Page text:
The United Kingdom will hold its first meeting with members of the Trans-Pacific Partnership free trade pact later this month to discuss London's application to join the deal, the Japanese government said Wednesday.
Following its departure from the European Union, the United Kingdom is aiming to enhance its economic presence in the Asia-Pacific region. The 11-member TPP is trying to expand its area after the United States withdrew from the pact under former President Donald Trump.
Ministers from the 11 members, including Japan, Australia and Singapore, held a videoconference of the TPP Commission, the bloc's decision-making body.
Japan chairs the commission this year and also heads the TPP's working groups to discuss tariffs as well as trade and investment rules toward London's envisaged participation.
As many TPP members have already signed bilateral trade deals with the United Kingdom, no major obstacles are expected in the accession talks, officials have said. The final decision on whether to accept the U.K. application is expected to be made as early as next year.
The United Kingdom's participation, if realized, will push up the bloc's share of global economic output to 16 percent from the current 13 percent.
London filed a request in February to join what is formally called the Comprehensive and Progressive Agreement for Trans-Pacific Partnership, or CPTPP.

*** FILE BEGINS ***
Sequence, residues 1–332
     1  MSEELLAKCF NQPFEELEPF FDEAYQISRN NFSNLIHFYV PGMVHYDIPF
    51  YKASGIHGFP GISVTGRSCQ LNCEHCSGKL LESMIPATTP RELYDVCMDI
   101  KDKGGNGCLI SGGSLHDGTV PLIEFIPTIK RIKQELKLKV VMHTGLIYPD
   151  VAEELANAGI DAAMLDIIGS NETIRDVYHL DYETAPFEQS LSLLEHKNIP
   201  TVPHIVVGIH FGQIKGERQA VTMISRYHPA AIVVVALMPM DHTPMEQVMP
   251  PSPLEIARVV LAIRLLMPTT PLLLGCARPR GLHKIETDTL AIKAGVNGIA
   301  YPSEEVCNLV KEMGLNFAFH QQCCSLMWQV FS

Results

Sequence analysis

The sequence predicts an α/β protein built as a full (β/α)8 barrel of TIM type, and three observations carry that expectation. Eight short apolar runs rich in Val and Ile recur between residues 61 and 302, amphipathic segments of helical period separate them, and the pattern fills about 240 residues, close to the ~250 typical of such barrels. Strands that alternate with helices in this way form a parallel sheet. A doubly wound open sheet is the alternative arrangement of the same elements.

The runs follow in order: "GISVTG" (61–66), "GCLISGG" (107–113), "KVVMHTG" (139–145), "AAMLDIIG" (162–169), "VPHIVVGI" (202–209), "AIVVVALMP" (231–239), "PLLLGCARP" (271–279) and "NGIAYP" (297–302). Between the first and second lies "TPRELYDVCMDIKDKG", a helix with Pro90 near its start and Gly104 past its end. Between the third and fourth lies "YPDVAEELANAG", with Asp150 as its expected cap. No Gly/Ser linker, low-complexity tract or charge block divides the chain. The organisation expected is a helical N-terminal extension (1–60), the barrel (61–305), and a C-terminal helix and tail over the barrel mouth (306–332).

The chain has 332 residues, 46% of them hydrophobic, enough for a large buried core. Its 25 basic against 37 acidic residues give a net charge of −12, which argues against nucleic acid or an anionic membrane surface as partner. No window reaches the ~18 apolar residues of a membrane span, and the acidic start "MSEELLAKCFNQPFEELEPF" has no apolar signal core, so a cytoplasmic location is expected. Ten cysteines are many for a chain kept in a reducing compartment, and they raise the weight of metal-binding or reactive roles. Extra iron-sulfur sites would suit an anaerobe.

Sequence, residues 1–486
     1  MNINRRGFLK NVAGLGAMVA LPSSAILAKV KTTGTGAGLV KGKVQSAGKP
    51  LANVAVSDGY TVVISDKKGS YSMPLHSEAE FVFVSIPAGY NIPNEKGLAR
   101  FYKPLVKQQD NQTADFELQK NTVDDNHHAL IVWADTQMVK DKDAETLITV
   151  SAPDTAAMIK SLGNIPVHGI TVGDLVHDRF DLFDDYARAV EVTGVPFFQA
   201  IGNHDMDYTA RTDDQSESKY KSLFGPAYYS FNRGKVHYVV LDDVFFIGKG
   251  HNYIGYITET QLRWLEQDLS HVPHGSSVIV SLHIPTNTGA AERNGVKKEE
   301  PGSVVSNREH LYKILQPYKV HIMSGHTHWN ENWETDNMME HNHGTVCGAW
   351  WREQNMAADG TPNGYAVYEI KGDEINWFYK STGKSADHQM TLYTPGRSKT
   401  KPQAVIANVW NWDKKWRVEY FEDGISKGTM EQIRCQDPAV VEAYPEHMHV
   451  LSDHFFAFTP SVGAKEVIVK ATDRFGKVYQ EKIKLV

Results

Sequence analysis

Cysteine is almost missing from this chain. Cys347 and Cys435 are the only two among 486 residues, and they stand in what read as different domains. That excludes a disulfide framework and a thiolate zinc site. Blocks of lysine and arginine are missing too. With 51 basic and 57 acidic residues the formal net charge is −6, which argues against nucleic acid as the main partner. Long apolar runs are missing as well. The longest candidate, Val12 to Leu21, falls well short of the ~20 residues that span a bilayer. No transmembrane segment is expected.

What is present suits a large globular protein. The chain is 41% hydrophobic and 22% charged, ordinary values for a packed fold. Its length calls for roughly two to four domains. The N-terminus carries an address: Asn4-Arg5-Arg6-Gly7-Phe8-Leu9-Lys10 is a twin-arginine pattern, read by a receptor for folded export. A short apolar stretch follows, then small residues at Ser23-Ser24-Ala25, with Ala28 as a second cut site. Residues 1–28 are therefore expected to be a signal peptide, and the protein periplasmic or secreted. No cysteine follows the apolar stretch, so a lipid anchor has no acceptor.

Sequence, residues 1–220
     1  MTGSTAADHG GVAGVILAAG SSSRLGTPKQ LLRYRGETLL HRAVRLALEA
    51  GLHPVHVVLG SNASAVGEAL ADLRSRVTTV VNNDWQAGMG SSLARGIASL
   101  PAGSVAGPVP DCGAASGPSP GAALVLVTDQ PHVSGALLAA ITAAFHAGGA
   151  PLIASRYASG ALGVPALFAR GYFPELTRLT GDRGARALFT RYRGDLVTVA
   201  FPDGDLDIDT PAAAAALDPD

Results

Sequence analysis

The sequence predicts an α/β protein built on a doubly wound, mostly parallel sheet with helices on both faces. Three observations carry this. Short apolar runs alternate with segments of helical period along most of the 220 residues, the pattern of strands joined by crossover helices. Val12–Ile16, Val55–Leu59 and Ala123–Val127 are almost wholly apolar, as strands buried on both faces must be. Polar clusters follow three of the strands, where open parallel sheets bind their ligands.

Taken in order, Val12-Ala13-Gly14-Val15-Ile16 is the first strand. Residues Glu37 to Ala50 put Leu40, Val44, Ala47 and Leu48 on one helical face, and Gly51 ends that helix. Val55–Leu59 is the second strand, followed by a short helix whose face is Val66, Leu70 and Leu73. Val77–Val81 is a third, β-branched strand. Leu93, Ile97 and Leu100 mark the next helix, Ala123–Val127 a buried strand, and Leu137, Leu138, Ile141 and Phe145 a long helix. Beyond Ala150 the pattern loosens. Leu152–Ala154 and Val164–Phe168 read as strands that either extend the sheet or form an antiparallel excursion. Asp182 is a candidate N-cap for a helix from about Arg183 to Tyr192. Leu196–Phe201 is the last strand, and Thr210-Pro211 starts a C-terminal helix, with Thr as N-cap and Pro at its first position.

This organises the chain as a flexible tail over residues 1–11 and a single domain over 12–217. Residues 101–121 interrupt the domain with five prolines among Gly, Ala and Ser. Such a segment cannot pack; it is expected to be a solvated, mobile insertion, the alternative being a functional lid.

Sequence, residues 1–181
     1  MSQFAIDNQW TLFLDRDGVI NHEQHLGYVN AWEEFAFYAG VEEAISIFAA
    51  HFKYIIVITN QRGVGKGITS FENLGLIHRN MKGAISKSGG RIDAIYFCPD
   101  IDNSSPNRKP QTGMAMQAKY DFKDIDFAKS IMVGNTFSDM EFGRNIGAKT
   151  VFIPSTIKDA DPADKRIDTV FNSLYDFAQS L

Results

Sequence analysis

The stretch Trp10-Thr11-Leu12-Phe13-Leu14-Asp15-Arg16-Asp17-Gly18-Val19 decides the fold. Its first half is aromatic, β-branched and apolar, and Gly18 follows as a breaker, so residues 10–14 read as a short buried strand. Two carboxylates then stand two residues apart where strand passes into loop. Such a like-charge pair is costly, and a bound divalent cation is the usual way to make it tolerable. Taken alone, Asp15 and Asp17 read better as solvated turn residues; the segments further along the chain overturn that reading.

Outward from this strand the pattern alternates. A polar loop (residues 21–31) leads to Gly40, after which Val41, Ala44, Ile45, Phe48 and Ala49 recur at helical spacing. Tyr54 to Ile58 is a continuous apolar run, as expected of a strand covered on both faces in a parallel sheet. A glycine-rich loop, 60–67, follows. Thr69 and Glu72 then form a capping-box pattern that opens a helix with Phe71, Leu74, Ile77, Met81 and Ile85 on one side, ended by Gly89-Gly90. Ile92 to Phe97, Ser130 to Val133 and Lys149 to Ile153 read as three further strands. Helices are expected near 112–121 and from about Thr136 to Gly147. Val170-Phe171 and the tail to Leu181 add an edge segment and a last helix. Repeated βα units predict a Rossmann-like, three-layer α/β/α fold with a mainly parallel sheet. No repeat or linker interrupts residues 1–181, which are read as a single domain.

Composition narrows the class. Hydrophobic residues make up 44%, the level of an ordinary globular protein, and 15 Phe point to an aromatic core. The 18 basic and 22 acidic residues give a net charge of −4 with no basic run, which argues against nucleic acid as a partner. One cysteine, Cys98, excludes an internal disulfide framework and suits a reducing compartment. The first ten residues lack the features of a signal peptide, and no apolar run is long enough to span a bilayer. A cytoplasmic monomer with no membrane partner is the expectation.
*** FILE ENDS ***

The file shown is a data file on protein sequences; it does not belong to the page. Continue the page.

The country is the first accession candidate outside the original participating members. China, South Korea, Taiwan and Thailand have also expressed interest in joining the free trade bloc.
The bloc, which came into force in 2018, currently has a total population of about 500 million, exceeding that of the European Union with about 448 million.
The TPP member states are Australia, Brunei, Canada, Chile, Japan, Malaysia, Mexico, New Zealand, Peru, Singapore and Vietnam. Eight of them have so far ratified the pact.
The pact aimed at making a free trade zone across the Pacific was originally promoted by the United States under the administration of Barack Obama in a bid to balance China's increasing influence in the Asia-Pacific region.
But Trump, who openly expressed his preference for bilateral trade deals and not multilateral frameworks under his so-called "America First" policy, withdrew from the TPP shortly after taking office in 2017.